It's no one's fault that in some areas theory has far outpaced our ability to check ideas experimentally. What would you have us do in the mean time? Further, I think that were always on the look out for some way to generate testable predictions from our theories, whether or not current technology allows them to be checked. We are only human, and we roll with the punches as best we can.
     
    Last edited: Feb 11, 2004
  16. Feb 11, 2004 #15

    wolram

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    It's no one's fault that in some areas theory has far outpaced our ability to check ideas experimentally. What would you have us do in the mean time? Further, I think that were always on the look out for some way to generate testable predictions from our theories, whether or not current technology allows them to be checked. We are only human, and we roll with the punches as best we can.
    -------------------------------------------------------------------
    of course your only human and no doubt at the leading
    edge, but would you be kind and give an overview of
    testability of the different theories.
     
  17. Feb 11, 2004 #16
    My ether theory of gravity predicts a globally flat universe.
    Some qualitative differences to GR (testable in principle but not in reality): The "frozen stars" which replace black holes do not Hawking radiate. Incoming neutrinos will come out later. There are two free parameters to fit "dark energy".

    My approach to an ether interpretation of the standard model predicts the number and basic structural properties of the
    SM fermions.
     
  18. Feb 11, 2004 #17

    wolram

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    My ether theory of gravity predicts a globally flat universe.
    Some qualitative differences to GR (testable in principle but not in reality): The "frozen stars" which replace black holes do not Hawking radiate. Incoming neutrinos will come out later. There are two free parameters to fit "dark energy
    ---------------------------------------------------------------------
    i cant speak for anyone other than myself, but i think your
    theory to replace BHs with frozen stars is a good starting
    point, given that there is already a wealth of information
    already available, i will be indebted to you if your initial
    responses are understandable to the majority.
     
  19. Feb 11, 2004 #18
    I'm definitely not at the leading edge of anything. Right now I'm just struggling to understand basic string theory and will likely not be in a position to say anything except in the broadest terms for quite a while. To the best of my knowledge though, no testable (or maybe any) predictions have been extracted from string theory yet, but like I said, I'm just a beginner.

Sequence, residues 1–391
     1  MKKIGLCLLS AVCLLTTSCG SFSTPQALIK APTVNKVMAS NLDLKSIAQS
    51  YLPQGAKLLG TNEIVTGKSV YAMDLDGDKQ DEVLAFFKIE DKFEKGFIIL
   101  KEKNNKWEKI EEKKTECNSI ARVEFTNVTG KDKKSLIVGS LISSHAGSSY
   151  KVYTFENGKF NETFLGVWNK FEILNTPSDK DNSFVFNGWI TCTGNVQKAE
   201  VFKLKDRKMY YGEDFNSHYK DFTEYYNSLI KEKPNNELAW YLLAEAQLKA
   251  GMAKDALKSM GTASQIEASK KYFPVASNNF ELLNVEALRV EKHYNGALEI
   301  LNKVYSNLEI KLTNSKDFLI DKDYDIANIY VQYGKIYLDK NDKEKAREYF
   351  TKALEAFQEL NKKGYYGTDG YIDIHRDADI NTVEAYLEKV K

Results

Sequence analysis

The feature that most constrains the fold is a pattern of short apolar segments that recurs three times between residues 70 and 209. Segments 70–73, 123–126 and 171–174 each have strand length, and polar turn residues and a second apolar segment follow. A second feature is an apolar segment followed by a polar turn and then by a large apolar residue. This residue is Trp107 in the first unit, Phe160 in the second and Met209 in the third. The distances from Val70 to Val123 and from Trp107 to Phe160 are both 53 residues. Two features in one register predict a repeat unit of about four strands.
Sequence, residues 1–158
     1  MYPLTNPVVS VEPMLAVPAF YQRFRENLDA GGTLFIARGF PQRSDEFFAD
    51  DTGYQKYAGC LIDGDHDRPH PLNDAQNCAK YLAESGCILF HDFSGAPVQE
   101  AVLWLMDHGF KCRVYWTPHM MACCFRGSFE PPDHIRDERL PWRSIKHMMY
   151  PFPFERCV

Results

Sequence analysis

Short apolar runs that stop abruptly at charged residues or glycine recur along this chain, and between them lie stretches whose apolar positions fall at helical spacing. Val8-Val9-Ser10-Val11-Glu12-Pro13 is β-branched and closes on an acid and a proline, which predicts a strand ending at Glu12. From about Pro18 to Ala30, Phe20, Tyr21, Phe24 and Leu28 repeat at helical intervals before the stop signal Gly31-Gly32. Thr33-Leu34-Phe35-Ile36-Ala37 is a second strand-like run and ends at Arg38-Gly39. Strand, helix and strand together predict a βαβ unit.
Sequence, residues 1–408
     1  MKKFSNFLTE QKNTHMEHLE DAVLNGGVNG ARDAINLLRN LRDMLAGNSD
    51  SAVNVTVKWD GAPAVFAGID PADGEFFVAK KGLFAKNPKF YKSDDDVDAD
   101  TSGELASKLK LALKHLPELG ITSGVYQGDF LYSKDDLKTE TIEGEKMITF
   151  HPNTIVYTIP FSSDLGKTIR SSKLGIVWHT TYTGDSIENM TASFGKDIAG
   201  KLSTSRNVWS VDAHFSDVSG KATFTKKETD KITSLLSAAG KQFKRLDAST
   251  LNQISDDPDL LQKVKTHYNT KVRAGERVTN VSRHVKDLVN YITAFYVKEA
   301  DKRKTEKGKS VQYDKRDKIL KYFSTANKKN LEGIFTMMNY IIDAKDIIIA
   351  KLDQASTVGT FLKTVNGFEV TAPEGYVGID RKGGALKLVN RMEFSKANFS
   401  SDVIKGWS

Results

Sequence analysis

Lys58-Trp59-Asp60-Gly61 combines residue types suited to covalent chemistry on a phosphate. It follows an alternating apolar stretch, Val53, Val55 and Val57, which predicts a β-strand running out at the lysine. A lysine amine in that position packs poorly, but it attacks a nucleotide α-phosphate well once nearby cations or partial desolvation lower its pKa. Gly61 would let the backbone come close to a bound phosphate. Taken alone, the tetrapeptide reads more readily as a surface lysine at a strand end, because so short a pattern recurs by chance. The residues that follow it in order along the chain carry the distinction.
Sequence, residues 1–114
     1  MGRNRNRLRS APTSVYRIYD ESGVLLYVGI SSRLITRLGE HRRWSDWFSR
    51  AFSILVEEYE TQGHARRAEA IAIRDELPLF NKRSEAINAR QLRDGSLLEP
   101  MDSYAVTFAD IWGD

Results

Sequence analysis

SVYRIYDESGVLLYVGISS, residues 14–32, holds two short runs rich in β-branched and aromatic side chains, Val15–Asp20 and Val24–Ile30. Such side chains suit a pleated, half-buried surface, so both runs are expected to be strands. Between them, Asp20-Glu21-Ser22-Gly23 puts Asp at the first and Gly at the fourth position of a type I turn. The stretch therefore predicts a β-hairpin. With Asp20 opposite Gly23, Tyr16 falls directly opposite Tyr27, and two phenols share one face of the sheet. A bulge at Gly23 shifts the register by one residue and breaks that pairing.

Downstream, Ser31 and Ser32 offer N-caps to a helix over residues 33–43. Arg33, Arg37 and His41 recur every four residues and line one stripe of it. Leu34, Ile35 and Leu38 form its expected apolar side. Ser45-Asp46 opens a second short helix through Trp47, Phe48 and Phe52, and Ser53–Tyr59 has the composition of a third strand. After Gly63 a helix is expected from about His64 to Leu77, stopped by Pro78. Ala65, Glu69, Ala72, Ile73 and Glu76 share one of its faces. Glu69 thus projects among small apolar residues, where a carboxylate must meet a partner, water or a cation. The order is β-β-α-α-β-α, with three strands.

I'm pretty sure though that if theorists all quit, there wouldn't be much to talk about here at PF. :smile:
     
  20. Feb 12, 2004 #19

    arivero

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    From the papers, structural properties seems an exagerated claim.

    In a first reading it is not clear how the elements of each stage in the graduation map into the components of fermions.

    But, even if it were clear, the main worry is that you do not seem to find any limitation when doing the association. One should expect that the different masses and CKM mixings appear as a consequence. Furthermore, the physical properties of the leptonic sector are very different from the quark sector, and your papers aim to a wholly symmetric construction.

    Finally, but this is a minor problem the recipe is not clearly stated, just it is pointed out. From a first study of the work, I do not get how many fermions, particles, antiparticles and generations should I get if I same the same play in one espatial dimension (1+1 QFT), two, or three.

    You need to get restrictions if it is going to be a sensible theory. There are four fundamental masses in each generation, and such thing should appear somewhere.
     
  21. Feb 12, 2004 #20
    Do you think so? My approach gives 192 degrees of freedom, the same as the 24 fermions of the standard model. There would be many ways to obtain the same number 192. I obtain the number 192 as
    T x /\ x /\, means, as 3 x 8 x 8, as in the standard model. In /\ we have a degree of a differential form, which gives an additional structure named graduation (1,3,3,1). We have a similar graduation by electromagnetic charge in the standard model. We also have electroweak pair structure in the standard model, and the Hodge star operator in /\. This is not only a pure coincidence in the number of degrees of freedom, but already a lot of nontrivial structure.

    Is there anything comparable from string theory?
    For the fermion components the (1,3,3,1) graduation seems not important.
    At the current moment I have not much ideas about the masses. My main worry for me is lattice theory for electroweak interaction.
    Which differences do you have in mind? Of course, the strong interaction acts in a very different way on quarks and leptons. The unique scheme for this action is described in hep-lat/0311009.
    The geometric interpretation is given in hep-th/0310241 as
    T x /\ x /\ with the exterior bundle /\. Here the tangential bundle T gives the number of generations, the first /\ a generation, and the second /\ a single fermion.
    Of course it would be nice to get restrictions for the mass terms. But I don´t expect a parameter-free final theory which allows to derive all masses. Last not least, if there really is something like a crystallic ether, there will be some free material parameters of this ether. Nonetheless, it seems reasonable to hope for an explanation of some regularities.